Jason Isbell has long outgrown the designation “that guy who used to be in Drive-By Truckers” and evolved into one of the best songwriters to come out of the past couple of decades. And nowhere is that more obvious than on Isbell’s seventh LP, Reunions, his most expansive yet. The sound is simply massive at times and shockingly intimate elsewhere.
And while the music is certainly impressive thanks to The 400 Unit, like every record before it, it’s Isbell’s lyrics that make the album impossible to forget. Whether he’s singing about his sobriety (“It Gets Easier”) or being a father (“Letting You Go”), there’s a deeply confessional connection Isbell makes with his listeners that is nearly impossible replicate (god knows, many have tried and failed).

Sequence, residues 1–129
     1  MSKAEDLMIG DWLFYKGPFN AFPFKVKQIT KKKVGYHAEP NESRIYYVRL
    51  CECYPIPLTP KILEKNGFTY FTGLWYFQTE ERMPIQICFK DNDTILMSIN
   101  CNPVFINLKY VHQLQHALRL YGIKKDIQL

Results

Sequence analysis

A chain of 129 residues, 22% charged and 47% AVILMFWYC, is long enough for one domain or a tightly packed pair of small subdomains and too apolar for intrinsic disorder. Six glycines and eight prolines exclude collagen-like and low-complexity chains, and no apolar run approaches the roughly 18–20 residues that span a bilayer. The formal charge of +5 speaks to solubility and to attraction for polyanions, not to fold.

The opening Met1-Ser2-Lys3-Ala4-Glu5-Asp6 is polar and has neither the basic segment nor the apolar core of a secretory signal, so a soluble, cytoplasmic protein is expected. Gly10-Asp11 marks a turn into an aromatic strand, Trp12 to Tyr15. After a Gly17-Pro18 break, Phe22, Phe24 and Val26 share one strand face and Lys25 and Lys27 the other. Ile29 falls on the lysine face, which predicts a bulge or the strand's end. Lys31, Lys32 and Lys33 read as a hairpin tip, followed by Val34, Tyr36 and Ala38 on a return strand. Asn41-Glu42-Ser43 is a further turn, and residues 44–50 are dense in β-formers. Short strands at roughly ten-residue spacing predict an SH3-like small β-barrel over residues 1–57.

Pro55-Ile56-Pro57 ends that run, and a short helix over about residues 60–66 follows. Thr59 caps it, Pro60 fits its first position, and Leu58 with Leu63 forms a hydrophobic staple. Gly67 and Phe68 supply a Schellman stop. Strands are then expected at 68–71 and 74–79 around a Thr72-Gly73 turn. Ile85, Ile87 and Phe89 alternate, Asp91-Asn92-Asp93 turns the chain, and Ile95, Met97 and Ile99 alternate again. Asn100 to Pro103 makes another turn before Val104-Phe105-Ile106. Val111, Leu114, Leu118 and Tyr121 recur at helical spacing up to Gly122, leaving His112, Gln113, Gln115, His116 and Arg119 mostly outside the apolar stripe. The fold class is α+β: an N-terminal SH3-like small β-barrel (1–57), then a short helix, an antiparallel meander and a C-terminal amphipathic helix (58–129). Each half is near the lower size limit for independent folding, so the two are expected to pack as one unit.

The album opens with the nearly seven-minute-long slow build “What Have I Done to Help,” a lament about our willingness to simply shake our heads in disbelief and then turn our attention elsewhere to a slew of social tragedies (“Climb to safety, you and me and the baby/Send our thoughts and prayers to loved ones on the ground/And as the days went by we just stopped looking down…”)—disturbingly relatable.
Isbell and his band once again brought in Dave Cobb to produce their fifth collaboration, and as a result, Reunions fits seamlessly into the band’s growing catalogue, easily one of the most consistently solid musical track records to come along in a while. Thirteen years ago, Isbell split from Drive-By Truckers and discovered his own voice. He’s clearly showing no signs of letting up as Reunions is possibly his best album yet.